When a doctor instructs a patient not to think of a monkey while taking a specific pill, we all know what would be on the patient’s mind when they pop that pill.
Similarly, when a doctor tells you that the side-effects of taking a particular pill are headache and nausea, it is likely that the patient suffers from headache and nausea even if the pill given were merely a placebo.
In an extreme case, when a 26-year-old man took 29 inert capsules believing them to be an antidepressant, he suffered from hypertension and needed to be rushed to a hospital. His symptoms only subsided after the true nature of the capsules were revealed to him.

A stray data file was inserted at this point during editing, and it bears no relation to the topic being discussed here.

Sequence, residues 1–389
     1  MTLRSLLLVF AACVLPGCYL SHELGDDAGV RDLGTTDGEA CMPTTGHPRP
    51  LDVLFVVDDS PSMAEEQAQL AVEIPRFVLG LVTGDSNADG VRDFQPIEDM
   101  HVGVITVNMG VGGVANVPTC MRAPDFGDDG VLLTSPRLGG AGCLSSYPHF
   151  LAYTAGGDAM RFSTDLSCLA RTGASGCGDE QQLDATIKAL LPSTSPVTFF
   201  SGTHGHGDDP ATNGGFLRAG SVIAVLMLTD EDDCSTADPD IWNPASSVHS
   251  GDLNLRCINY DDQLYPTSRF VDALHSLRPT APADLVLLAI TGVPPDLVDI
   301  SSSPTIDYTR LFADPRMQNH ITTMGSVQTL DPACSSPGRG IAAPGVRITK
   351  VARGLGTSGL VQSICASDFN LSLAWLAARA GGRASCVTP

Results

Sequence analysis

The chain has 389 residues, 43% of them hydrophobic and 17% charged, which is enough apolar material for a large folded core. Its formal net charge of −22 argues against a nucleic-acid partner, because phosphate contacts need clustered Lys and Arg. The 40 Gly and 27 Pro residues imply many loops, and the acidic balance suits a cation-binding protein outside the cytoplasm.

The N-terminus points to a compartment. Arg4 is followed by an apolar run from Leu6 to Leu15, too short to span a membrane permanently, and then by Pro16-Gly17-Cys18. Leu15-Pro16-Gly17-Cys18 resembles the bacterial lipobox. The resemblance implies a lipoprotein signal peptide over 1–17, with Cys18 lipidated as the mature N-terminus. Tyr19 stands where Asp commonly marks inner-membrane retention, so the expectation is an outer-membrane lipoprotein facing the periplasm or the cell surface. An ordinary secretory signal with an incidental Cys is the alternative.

The nocebo effect is one where we feel worse due to an intervention even if the intervention itself wasn’t administered. It is the opposite of the placebo effect, where we feel good as a result of a non-intervention. Both effects are also relevant outside of medical science – our expectations of any experience can actually influence its reality.
To a degree, we are rewarded with what we wish for. We are also cursed with whatever we fear.